Tim Batcup, owner, Cover to Cover, Mumbles, Swansea
Travellers in the Third Reich: the Rise of Fascism through the Eyes of Everyday People, by Julia Boyd
Elliott & Thompson, £10.99
In the 1930s, Germany was the most popular tourist destination in Europe. Yet few travel books were written about it at the time. Julia Boyd has tracked down those accounts and, together with descriptions from private letters and diaries and from public archives, produced a fresh view of between- the-wars Germany. This is land of friendly people, beautiful countryside, vineyards, forests, medieval villages and impressive culture. A female journalist notes how a woman could do what she liked in Weimar Germany. A New Zealand Rhodes Scholar writes of “the emergence of a new type of person, sunburnt, wearing sensible clothes and of splendid physique”. Other accounts, especially those from journalists, politicians and diplomats, convey a sense of unease, of menace. Chilling stuff. This book will earn a permanent place on people’s bookshelves, rather than being shipped out to a charity shop to make room for next year’s batch. The hardback, already out of print, is becoming scarce with secondhand copies for sale on Amazon at almost twice the original price.
Evelyn Westwood, co-owner, Westwood Books, Sedbergh, Cumbria
Love of Country: A Hebridean Journey, by Madeleine Bunting
The first thing to say, and this is important in the book world, is that it has a terrific cover. The second is that old classic of it just being “a good read”. Bunting writes evocatively about the Hebrides and, for the most part, gets the details and description right. The best thing about it is that it made me want to revisit the islands I know, as well as visit the ones I haven’t been to yet. The book has a lovely balance of autobiography, literary references, history, politics, religion and culture. I opened the shop in September 2018 – this is my retirement project – and though we don’t carry many new books (we focus on secondhand), I’ve had to restock this a number of times because it’s so popular.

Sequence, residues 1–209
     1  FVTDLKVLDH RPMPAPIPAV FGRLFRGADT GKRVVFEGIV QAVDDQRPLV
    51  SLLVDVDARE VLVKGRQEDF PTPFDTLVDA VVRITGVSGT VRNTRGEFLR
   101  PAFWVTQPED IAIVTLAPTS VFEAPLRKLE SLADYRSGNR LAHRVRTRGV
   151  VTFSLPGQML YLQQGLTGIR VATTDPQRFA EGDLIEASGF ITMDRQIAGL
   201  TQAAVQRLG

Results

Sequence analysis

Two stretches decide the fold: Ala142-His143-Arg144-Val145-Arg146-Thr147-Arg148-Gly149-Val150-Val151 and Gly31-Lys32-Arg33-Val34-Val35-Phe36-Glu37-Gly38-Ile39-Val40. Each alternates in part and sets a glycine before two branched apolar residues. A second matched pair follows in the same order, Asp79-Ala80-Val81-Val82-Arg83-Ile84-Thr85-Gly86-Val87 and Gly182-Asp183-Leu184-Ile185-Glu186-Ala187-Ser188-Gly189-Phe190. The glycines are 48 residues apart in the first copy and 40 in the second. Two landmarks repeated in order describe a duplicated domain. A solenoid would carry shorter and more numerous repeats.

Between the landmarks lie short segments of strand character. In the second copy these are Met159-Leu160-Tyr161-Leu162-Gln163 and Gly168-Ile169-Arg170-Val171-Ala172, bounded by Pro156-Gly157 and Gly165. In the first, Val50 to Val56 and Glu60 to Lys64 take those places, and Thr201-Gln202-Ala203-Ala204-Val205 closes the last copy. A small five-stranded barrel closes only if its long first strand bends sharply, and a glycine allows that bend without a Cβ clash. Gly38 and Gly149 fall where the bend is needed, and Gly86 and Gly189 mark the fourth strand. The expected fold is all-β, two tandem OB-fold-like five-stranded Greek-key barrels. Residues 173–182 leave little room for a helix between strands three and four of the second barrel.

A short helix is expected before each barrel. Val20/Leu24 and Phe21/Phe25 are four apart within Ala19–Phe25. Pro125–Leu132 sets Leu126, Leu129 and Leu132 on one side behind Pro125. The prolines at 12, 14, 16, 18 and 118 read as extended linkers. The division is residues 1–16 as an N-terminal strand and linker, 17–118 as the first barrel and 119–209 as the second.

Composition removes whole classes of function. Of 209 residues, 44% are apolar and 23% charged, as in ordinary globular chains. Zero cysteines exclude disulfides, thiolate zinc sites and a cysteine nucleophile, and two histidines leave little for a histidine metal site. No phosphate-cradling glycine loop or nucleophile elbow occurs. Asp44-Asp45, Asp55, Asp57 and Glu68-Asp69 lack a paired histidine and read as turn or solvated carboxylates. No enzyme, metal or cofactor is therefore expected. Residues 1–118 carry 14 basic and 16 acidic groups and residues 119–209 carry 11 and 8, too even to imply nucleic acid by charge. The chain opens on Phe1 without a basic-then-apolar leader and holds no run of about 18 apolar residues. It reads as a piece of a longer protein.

Ruth Anderson, owner, Well-Read Books of Wigtown, Dumfries and Galloway
This Tilting World, by Colette Fellous
Les Fugitives, £13
Translated from French by Sophie Lewis, this beautifully elusive book mixes biography, travel memoir, fiction, essay and journalism to weave a lyrical account of identity and its ambiguity. Fellous’ writing carries an innate intelligence that never feels contrived. With it she observes the rituals and language that fabricate an identity, focusing on what happens when these things dissolve or become fragmented. It is punctuated with photos taken on a phone and infused with poetic descriptions of Tunisia, Paris and Normandy, among other places that the author has passed through and allowed to pass through her. This piece of autofiction has a strange and perfectly balanced duality of softness and seriousness. The text is melancholic and nostalgic, but also urgent and of its time. Perhaps it is the value of living within such paradoxes that I took from this novel, memoir, text – whatever it is.
Callum Churchill, store manager, Stanfords, Bristol
Pocket Atlas of Remote Islands, by Judith Schalansky